‘If I am wrong, what about PM?’

Updated - November 16, 2021 11:22 pm IST

Published - October 16, 2013 12:24 pm IST - Hyderabad/New Delhi

The former Coal Secretary, P.C. Parakh. Photo: K. Ramesh Babu

The former Coal Secretary, P.C. Parakh. Photo: K. Ramesh Babu

The former Coal Secretary, P.C. Parakh, said on Wednesday that if he was named a conspirator in the coal scam case, Prime Minister Manmohan Singh was a party to the conspiracy because he had approved his recommendation to allocate a coal block to Hindalco, a company of the Kumar Mangalam Birla-led Aditya Birla Group.

Mr. Parakh, 68, a retired IAS officer of the Andhra Pradesh cadre, termed the CBI’s charges against him baseless and shocking. In its First Information Report, the investigating agency alleged that Mr. Parakh had re-considered his decision on a coal block allotment to Hindalco in his capacity as screening committee chairman as part of a criminal conspiracy to favour the company.

Speaking to The Hindu at his residence here, Mr. Parakh said it was true there were two equally eligible applicants: Neyveli Lignite Corporation (NLC), a public sector undertaking; and Hindalco. The screening committee made the first recommendation in favour of the NLC but the decision was reviewed when the PMO forwarded Mr. Birla’s representation for reconsideration.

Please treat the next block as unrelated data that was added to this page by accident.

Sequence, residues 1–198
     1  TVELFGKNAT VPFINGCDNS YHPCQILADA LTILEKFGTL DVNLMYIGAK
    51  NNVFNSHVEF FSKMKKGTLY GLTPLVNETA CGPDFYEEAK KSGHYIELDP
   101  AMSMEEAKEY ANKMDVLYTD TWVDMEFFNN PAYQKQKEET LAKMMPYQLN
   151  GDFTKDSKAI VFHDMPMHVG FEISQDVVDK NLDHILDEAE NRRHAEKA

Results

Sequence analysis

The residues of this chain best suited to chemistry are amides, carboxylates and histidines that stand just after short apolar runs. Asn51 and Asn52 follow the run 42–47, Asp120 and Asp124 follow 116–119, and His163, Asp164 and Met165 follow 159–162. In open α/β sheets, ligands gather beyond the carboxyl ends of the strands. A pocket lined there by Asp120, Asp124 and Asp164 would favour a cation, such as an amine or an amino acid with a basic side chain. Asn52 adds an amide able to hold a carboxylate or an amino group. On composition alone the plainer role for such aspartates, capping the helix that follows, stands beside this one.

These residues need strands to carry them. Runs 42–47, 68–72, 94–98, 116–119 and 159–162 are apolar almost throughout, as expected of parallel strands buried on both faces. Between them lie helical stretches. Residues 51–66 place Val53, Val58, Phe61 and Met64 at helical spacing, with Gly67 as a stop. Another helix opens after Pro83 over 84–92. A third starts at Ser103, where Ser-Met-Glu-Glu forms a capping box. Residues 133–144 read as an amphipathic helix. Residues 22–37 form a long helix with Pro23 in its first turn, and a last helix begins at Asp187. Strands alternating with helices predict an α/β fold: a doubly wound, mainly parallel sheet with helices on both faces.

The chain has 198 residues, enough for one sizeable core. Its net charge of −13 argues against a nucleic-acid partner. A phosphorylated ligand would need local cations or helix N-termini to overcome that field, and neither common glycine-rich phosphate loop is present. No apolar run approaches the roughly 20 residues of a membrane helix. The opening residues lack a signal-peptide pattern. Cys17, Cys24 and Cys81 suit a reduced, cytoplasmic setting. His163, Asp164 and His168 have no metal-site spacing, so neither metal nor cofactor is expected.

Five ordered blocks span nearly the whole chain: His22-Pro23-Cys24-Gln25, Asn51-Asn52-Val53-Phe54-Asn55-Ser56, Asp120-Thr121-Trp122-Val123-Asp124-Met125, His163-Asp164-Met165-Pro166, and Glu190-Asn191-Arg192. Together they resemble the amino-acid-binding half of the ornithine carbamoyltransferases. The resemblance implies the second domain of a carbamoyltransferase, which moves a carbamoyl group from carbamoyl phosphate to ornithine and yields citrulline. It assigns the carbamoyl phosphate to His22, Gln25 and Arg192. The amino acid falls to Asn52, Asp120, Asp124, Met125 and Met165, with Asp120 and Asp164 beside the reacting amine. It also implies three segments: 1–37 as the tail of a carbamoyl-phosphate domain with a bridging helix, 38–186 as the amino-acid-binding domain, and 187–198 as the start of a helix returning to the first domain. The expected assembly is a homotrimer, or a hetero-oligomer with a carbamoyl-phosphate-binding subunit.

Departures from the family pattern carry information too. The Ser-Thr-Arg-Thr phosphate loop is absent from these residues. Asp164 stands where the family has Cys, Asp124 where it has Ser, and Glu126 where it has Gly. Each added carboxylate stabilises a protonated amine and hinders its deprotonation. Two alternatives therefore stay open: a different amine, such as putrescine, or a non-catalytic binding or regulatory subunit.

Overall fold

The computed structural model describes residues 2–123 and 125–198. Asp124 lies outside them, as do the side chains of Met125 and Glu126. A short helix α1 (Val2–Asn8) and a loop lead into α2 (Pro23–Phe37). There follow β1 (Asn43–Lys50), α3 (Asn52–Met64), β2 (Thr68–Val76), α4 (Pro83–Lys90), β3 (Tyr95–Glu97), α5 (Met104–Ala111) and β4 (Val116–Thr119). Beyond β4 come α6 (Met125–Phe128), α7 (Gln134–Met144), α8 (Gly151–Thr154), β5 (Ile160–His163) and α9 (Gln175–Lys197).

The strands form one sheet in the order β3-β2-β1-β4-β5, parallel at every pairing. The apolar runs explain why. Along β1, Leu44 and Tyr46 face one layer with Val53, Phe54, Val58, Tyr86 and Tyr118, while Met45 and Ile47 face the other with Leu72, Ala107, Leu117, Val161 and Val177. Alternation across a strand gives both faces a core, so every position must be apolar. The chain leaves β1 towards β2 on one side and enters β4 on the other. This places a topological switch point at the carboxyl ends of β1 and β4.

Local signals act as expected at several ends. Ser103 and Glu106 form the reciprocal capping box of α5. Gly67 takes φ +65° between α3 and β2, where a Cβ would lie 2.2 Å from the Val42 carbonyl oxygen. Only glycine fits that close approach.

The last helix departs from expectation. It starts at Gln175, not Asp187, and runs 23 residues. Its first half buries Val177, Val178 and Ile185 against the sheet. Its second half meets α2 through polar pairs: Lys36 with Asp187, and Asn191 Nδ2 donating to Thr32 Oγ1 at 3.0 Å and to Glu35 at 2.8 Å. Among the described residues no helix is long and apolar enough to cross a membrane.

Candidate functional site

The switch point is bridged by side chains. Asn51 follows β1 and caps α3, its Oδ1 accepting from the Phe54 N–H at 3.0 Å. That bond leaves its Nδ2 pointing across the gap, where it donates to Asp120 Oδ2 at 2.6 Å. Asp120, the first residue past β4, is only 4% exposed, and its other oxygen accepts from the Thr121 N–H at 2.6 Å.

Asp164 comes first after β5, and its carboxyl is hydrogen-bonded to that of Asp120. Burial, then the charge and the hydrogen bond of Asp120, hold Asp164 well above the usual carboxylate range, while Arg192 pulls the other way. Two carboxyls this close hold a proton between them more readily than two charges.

He said: “I found there was merit in his case. Hindalco was the first applicant and had the financial and technical competence and also a project on hand. I supported the allotment of the coal block to Neyveli [NLC] as it was a PSU. After reconsidering the case, to be fair to two companies which were equally competent, we decided to accommodate both.

“As Hindalco could not be given a block under government dispensation, we allotted the said coal block from the captive list and allotted another block outside the captive list to the PSU.”

Asked what he made out of the CBI’s allegation, Mr. Parakh said there was no case at all and he would come out clean. If at all, the CBI might blame him for a wrong decision. But a wrong decision would not amount to conspiracy or corruption, and the CBI had no evidence to prove its conspiracy theory. He felt the CBI was unable to make a distinction between a fair and correct decision made in the public interest and something which was malafide.

Clarifying that Mr. Birla had met him only once at his office, he said there was no pressure at all from the PMO to review the decision. “As the Coal Secretary, I made a recommendation and the Prime Minister, who was also holding coal portfolio, agreed with it. He could have overruled my recommendation. If the CBI says I am wrong, the Prime Minister is also wrong.”

“My two years of work in the Coal Ministry was appreciated as I brought transparency into the system and ensured that entire geological information was available on the website to prospective applicants. Otherwise, people used to surreptitiously scout…” for coal blocks, he said.

Arguing that the coal mining rights allocation would not have come under a cloud, had the government adopted auction, Mr. Parakh said he made a strong pitch for bidding, but it was opposed by the then Coal Minister, Shibu Soren, and his deputy Dasari Narayana Rao.

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